New Zealand middle distance runner Nikki Hamblin welcomes the chance to compete against controversial South African 800m world champion Caster Semenya at the Delhi Commonwealth Games.
Semenya returned to the track last week in an 800m race in Finland after being stood down from competition in sensational circumstances while the International Athletics Federation (IAAF) investigated her gender.
It followed a series of dramatic time improvements, which led to her world championship victory in Berlin last August. Semenya won her first return race and will compete in Finland again tomorrow (New Zealand time).
Semenya's return to international athletics has not been accompanied by any explanation or guidelines from the IAAF, the sport's governing body. Hamblin has some sympathy for Semenya's predicament.
She relishes the prospect of racing the world champion, preferably in the Delhi 800m final.
Hamblin intends to race both the 1500m and the 800m at Delhi. The longer event is earlier on the programme.
"I haven't met or raced against Caster previously. I've only ever seen her from across the warm-up track. I wouldn't single her out in particular [as an opponent].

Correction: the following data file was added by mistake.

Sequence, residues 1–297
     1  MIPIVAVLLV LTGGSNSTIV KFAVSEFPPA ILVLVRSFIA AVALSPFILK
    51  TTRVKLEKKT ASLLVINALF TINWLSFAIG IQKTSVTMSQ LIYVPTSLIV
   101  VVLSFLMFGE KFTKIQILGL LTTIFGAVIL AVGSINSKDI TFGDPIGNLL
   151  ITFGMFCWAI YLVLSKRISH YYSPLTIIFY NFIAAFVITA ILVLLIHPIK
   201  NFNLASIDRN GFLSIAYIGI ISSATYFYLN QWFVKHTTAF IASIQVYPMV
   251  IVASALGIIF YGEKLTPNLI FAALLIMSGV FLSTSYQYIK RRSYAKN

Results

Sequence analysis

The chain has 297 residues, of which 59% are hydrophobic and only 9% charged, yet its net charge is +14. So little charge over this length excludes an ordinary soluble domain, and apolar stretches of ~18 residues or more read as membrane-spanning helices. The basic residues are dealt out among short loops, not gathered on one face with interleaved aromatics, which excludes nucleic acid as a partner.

"You have to avoid focusing on issues like that as an athlete. I'd be intimidated in the Commonwealth Games final by everyone on the start line, not just one athlete because they've all done amazing things. Intimidation can be good in some ways: it gives you the nerves and the adrenalin to compete hard."
Semenya won her first outing but clocked 2m 04.22s, just under nine seconds slower than the personal best time she ran in Berlin. Hamblin's 800m best is 2m 00.9s, which she ran last year. That ranks her 10th among Commonwealth athletes this year.
Hamblin's best chance of a Delhi medal still appears to be the 1500m where she set a national record last week of 4m 05.93s in Belgium. It broke Toni Hodgkinson's 10-year-old record by 0.3s.
The 22-year-old's new mark is likely to have beaten the qualifying standard for next year's world championships in Korea but is just the sixth best time by a Commonwealth athlete in the distance this year, five seconds off the best.
British-born Hamblin, who qualified via residency last year, ranks as New Zealand's best middle distance hope for a podium finish since Hodgkinson.
Anne Audain won New Zealand's last Commonwealth medal in a pure track event with silver in the 10,000m at Edinburgh in 1986 although Joanne Henry secured bronze in the heptathlon at Kuala Lumpur in 1998. Lorraine Moller was the last to win a medal in the 1500m with bronze at Brisbane in 1982.
Hamblin is hoping her agent can secure a few more starts in Europe leading into the Games after last week's strong showing. She will rest with family in Weymouth on England's south coast before resuming training.